A Joyous Welcome Back!

This was a first week of school unlike any other. Although we all began last Tuesday anticipating many changes, we closed out our first week with overwhelming gratitude for how little of what truly distinguishes Parker has changed. Parker students are engaged, inquisitive, nurturing, and thoughtful — and nowhere was that more apparent this week than watching the care and compassion they showed for each other and their teachers as they navigated this new school experience.
It has been a long time since we have asked kids to do many of the things that were expected of them this week: eating on a schedule, asking permission to use the bathroom, waiting safely in line. On top of that, children had to learn new procedures and routines that are understandably unnatural for them. However, in true Parker form, our students have absorbed these new rhythms with resiliency and humor, graciously accepting new customs in the spirit of being together. For many, the visceral joy of simply being with other children again was palpable.
Typically, our first week at Parker is spent building relationships and helping children to establish their identities, both individually and as a community. This year, we recognize that work is more important than ever. What would you see if you observed our classes this week? Thoughtfully orchestrated days designed to maximize opportunities for student interactions through exploring and doing. Teachers are taking great care to connect with students, forging critical bonds that will build confidence and motivation for learning in the weeks and months ahead. And our students are doing what they do best: exploring, questioning, and building connections.  Here is a peek at what some of that work looked liked this week:
Kindergarten students got to flex their growing independence and motor skills by graduating up to the “Big Kid” playground. Completing these rings is a right of passage here at Parker. This little boy tried multiple times before finally completing his first successful run. The pride and surprised delight on his face as he exclaimed “I did it!!!” reminded us all that even the smallest victories are huge when they are your first.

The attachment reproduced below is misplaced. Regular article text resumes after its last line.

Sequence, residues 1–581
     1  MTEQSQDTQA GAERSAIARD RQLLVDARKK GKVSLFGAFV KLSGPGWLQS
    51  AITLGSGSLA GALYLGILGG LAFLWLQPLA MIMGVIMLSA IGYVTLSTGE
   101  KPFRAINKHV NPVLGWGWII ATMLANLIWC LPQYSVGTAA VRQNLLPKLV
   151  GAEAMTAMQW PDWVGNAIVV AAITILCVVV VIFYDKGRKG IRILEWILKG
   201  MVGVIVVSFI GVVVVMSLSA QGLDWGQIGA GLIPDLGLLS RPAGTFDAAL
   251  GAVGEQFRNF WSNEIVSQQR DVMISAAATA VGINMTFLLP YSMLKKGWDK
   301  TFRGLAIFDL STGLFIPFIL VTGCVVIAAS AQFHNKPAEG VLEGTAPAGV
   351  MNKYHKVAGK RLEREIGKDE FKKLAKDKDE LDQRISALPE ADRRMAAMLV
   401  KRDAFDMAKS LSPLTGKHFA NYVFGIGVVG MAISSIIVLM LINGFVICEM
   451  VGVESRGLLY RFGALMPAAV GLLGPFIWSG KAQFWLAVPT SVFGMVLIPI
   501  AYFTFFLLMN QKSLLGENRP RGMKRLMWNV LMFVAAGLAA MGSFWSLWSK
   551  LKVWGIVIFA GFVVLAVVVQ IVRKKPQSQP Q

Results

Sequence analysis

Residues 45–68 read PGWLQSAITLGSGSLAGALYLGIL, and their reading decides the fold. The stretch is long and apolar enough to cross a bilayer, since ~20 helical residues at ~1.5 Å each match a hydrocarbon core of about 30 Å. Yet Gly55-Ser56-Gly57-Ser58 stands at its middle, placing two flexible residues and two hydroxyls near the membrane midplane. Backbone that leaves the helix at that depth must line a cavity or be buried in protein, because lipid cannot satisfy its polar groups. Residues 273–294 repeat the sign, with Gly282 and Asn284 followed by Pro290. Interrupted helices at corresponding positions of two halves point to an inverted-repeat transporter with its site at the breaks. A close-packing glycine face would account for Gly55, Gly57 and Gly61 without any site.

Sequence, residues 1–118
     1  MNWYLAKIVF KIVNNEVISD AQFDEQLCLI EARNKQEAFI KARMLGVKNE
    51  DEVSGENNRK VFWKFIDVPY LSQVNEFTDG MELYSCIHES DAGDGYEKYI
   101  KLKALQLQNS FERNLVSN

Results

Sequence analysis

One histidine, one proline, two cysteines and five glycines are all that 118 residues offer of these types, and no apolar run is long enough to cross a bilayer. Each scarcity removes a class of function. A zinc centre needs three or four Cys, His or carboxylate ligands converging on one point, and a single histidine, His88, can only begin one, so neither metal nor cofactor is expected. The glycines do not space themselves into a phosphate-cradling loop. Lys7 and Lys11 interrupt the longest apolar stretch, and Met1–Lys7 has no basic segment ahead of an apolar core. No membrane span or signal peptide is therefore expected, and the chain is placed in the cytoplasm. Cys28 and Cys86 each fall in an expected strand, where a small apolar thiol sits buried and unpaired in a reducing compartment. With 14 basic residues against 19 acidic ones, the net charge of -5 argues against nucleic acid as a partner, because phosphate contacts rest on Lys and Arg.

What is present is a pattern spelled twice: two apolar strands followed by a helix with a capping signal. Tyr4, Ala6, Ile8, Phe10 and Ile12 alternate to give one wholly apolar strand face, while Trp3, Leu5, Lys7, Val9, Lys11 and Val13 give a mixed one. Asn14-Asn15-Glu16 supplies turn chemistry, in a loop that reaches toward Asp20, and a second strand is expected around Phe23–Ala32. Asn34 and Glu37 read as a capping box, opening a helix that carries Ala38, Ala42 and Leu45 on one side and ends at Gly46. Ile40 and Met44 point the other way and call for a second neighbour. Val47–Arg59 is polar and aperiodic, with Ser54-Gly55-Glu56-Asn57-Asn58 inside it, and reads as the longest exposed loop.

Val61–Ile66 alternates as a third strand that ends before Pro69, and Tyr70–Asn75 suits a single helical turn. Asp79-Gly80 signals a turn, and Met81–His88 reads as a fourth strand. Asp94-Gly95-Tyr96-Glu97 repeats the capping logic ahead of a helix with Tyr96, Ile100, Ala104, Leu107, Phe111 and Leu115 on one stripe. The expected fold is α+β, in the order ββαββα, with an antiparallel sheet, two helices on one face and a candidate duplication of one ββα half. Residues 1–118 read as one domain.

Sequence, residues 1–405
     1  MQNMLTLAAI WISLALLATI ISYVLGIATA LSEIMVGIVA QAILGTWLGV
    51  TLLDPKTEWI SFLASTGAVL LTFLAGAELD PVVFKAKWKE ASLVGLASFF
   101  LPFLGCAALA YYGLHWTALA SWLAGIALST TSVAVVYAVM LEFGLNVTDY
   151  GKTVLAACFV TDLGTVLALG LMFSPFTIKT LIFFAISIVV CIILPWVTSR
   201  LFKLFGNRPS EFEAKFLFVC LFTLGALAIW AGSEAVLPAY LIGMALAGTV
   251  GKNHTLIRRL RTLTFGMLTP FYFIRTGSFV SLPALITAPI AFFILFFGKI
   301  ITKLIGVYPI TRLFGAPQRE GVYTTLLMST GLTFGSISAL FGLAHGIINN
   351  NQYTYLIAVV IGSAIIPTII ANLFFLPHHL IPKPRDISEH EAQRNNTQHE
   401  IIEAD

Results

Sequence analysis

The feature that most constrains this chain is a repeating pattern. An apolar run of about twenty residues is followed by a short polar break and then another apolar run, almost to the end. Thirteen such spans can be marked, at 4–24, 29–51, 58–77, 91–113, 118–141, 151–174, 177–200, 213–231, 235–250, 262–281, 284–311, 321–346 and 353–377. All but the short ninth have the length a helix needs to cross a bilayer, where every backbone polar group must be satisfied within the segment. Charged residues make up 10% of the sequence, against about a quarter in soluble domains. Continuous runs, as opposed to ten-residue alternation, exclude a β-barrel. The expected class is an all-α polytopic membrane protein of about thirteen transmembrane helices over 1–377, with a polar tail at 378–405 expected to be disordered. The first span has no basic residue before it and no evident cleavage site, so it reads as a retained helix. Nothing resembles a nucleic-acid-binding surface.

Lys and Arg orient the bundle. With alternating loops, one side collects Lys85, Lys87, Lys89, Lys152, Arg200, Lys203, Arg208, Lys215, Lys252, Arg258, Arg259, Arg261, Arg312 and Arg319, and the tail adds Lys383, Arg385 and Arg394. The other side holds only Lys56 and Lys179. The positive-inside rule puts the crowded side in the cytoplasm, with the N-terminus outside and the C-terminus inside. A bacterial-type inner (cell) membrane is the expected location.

Nellie’s 3-4 class explored multiplication using plants found outdoors. After picking their samples, the students looked for regular groupings of leaves and then used them to practice skip-counting to arrive at the total number of leaves on their plant. The students then explored patterns on the various plants, and used those patterns as inspiration to sketch their own designs. They finished by recording their observations and discoveries in their math journals.
John Sherry treated his middle school scientists to a demonstration on air pressure as an introduction to their first unit studying the states of matter. Using a beaker, a balloon, and a hot plate, John ran several experiments that elicited excited gasps and wild hand-raising as his students volleyed to hypothesize answers.
Lynn’s 1-2 students spent hours in the woods this week discovering shared interests (frogs, mud, and building forts!) and beginning work on their outdoor classroom. Kids worked in pairs to make lists of “wants” and “needs” for their space, and they are now moving on to sketching and designing their dream spaces. In the weeks ahead, Lynn will work to support construction of both the individual designs, and help children to marry their ideas together to create a community space.
Studying in our Master Gardens.
*Robert C. Parker School follows NYS guidelines and protocols for school safety.